In an effort to speed up progress through the looming recession, the Bank of England are set to cut 2% off the base interest rate. Since lending began, the largest ever drop was 1.1% back in 3187 (on the Hebrew Calendar), and this cut dwarfs that.
Manny Le Street, the man in the street, had this to say: "Well, it's a two sided coin. On the one hand it will mean lower lending repayments - assuming the money grabbing banks pass it on, ha ha - and on the other foot, the money made by endowments and pension funds will drop. It's swings and elephants really."
Kirk Castle, ITV News 24 Financial Analyst (which is why you've never heard of him), thought differently. "It'll never happen," he said. "A base rate of less than 3%? Don't make me laugh, ha ha. We haven't had a base rate of less than 3% since records began, and bankers have been keeping records for a long time. They're known for it. You just try forgetting a payment on a twenty-five year loan, they'll soon be around to your house. To repossess it, probably."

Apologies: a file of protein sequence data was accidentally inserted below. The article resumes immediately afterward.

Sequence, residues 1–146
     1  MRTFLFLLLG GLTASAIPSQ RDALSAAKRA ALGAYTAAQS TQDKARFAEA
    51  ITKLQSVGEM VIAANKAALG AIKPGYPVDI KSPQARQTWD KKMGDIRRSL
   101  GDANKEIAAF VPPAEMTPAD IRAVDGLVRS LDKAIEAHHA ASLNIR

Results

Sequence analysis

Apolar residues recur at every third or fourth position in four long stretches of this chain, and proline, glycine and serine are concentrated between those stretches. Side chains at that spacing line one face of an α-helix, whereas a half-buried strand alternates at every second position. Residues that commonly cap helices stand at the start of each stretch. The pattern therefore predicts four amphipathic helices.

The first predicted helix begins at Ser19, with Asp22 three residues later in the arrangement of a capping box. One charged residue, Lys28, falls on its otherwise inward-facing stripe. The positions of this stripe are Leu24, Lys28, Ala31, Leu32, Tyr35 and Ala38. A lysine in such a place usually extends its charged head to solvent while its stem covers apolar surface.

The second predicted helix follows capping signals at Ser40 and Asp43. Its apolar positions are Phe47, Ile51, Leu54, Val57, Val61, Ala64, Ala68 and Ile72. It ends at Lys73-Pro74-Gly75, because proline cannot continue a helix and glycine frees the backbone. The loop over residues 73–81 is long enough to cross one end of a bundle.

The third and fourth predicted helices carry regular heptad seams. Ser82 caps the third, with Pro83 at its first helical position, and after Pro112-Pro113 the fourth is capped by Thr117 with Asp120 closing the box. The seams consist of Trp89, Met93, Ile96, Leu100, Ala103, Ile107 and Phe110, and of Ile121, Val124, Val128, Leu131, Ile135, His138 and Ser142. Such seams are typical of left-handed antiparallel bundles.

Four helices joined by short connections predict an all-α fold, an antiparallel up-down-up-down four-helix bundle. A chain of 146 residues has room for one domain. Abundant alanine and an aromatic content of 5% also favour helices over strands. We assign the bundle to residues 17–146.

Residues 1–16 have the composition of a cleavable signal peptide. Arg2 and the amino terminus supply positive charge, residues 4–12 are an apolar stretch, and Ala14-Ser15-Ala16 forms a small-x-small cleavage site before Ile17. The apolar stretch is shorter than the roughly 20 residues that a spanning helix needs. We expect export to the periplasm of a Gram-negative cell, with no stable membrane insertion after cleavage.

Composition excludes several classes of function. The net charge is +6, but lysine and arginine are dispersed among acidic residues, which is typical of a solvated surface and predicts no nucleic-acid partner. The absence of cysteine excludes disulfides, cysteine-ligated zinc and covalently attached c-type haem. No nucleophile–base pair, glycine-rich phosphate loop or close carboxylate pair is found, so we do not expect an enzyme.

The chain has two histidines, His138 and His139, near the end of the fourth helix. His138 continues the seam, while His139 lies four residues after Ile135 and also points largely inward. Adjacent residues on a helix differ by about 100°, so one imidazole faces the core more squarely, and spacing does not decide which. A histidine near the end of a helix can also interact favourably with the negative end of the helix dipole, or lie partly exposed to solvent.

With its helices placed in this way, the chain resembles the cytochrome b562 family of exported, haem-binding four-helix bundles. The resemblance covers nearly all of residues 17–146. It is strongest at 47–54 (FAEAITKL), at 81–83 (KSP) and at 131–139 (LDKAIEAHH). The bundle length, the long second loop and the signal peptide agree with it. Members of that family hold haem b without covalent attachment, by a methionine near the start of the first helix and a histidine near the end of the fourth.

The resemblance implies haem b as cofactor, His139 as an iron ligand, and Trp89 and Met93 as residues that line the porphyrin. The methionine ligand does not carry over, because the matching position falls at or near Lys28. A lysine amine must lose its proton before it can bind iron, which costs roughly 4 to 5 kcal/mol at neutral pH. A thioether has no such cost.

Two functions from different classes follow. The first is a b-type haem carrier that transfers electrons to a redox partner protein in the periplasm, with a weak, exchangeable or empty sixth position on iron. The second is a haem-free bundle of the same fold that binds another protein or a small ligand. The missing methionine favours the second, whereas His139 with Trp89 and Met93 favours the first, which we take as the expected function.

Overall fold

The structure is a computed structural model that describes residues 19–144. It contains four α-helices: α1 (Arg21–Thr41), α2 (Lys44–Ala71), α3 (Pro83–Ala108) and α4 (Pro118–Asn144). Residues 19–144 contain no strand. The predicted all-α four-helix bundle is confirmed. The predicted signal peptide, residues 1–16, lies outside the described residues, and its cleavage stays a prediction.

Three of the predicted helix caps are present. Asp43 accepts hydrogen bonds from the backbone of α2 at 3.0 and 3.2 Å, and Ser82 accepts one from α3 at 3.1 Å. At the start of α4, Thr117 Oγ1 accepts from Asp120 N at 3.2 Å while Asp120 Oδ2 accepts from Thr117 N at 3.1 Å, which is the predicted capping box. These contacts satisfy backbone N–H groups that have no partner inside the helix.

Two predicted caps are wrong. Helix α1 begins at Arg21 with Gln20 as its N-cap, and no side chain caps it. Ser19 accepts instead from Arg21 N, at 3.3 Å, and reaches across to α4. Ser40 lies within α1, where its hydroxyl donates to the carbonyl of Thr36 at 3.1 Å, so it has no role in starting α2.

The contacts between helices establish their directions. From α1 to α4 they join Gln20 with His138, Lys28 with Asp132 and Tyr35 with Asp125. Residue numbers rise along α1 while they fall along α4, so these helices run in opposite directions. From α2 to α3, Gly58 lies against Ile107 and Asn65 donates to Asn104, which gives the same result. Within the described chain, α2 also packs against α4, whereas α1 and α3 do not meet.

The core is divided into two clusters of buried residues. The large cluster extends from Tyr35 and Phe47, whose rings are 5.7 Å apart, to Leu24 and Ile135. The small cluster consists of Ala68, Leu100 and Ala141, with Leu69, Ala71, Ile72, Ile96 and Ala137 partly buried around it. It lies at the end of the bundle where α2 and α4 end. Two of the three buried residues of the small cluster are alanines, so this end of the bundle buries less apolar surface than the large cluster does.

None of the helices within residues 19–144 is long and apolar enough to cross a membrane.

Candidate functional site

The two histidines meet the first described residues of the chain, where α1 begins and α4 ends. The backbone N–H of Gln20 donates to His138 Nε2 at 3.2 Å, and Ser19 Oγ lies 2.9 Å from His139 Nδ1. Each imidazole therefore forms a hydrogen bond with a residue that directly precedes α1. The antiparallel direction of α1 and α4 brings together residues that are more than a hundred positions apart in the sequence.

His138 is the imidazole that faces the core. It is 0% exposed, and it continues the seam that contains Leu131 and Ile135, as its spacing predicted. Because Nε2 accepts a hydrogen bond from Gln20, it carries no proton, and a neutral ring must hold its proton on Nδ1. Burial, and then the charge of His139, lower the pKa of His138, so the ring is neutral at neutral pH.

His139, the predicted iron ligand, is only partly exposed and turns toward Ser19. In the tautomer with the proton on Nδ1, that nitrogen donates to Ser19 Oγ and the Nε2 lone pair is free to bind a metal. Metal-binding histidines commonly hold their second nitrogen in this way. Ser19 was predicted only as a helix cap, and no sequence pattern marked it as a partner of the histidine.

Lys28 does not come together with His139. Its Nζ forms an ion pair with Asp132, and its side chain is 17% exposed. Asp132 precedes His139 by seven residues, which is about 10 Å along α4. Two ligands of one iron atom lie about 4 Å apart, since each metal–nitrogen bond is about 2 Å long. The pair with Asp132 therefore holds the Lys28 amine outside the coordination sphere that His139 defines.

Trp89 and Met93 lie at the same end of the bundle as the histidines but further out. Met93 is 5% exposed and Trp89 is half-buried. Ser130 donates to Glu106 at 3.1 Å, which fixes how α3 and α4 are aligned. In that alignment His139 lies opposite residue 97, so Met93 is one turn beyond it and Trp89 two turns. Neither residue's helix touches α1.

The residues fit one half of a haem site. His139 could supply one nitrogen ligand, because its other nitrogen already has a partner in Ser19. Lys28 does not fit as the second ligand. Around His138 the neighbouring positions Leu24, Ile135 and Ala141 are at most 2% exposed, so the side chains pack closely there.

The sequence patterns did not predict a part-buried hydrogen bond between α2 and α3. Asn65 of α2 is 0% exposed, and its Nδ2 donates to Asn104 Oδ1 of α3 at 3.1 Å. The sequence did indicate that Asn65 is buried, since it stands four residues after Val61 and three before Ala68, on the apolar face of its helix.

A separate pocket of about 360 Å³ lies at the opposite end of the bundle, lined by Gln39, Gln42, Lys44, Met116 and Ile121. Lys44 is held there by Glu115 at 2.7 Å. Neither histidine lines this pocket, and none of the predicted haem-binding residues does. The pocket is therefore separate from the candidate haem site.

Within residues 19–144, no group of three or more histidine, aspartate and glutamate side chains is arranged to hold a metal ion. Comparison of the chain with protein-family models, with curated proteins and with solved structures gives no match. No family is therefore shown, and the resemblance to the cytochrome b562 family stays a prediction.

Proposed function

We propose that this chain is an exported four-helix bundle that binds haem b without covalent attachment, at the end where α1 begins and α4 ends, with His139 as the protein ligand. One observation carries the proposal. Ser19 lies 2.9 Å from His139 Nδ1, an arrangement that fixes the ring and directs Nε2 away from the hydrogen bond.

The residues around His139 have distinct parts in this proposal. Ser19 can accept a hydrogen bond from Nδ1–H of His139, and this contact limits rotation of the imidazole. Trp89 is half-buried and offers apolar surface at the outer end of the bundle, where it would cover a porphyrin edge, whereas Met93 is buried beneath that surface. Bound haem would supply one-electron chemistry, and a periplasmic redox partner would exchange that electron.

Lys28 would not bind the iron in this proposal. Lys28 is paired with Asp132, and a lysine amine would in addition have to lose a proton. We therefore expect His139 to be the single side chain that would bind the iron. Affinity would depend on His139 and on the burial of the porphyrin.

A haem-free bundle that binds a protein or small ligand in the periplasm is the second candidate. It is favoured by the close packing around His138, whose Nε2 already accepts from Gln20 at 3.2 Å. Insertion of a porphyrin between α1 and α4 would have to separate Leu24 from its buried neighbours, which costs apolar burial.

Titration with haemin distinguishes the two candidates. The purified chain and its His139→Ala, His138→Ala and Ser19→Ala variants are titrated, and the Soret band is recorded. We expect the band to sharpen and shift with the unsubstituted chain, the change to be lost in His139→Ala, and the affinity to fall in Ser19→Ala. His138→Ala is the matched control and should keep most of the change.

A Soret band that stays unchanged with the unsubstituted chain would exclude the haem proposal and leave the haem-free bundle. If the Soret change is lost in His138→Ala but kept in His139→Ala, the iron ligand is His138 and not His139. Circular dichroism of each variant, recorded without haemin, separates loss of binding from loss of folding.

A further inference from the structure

A homeless man with neither a mortgage or a pension fund had this to say: "Buggrit. Gotta fiver for a cup of tea, guv? Buggrit. It's inflation init? Buggrit."
Bankers are said to be worried, in case the base rate drops into negative figures; they are not sure how to calculate the repayments for that. Nathan West, an economist for RBS said, "I knew putting Russell Brand in charge of the bank of England was a mistake. But hey! He needed a job."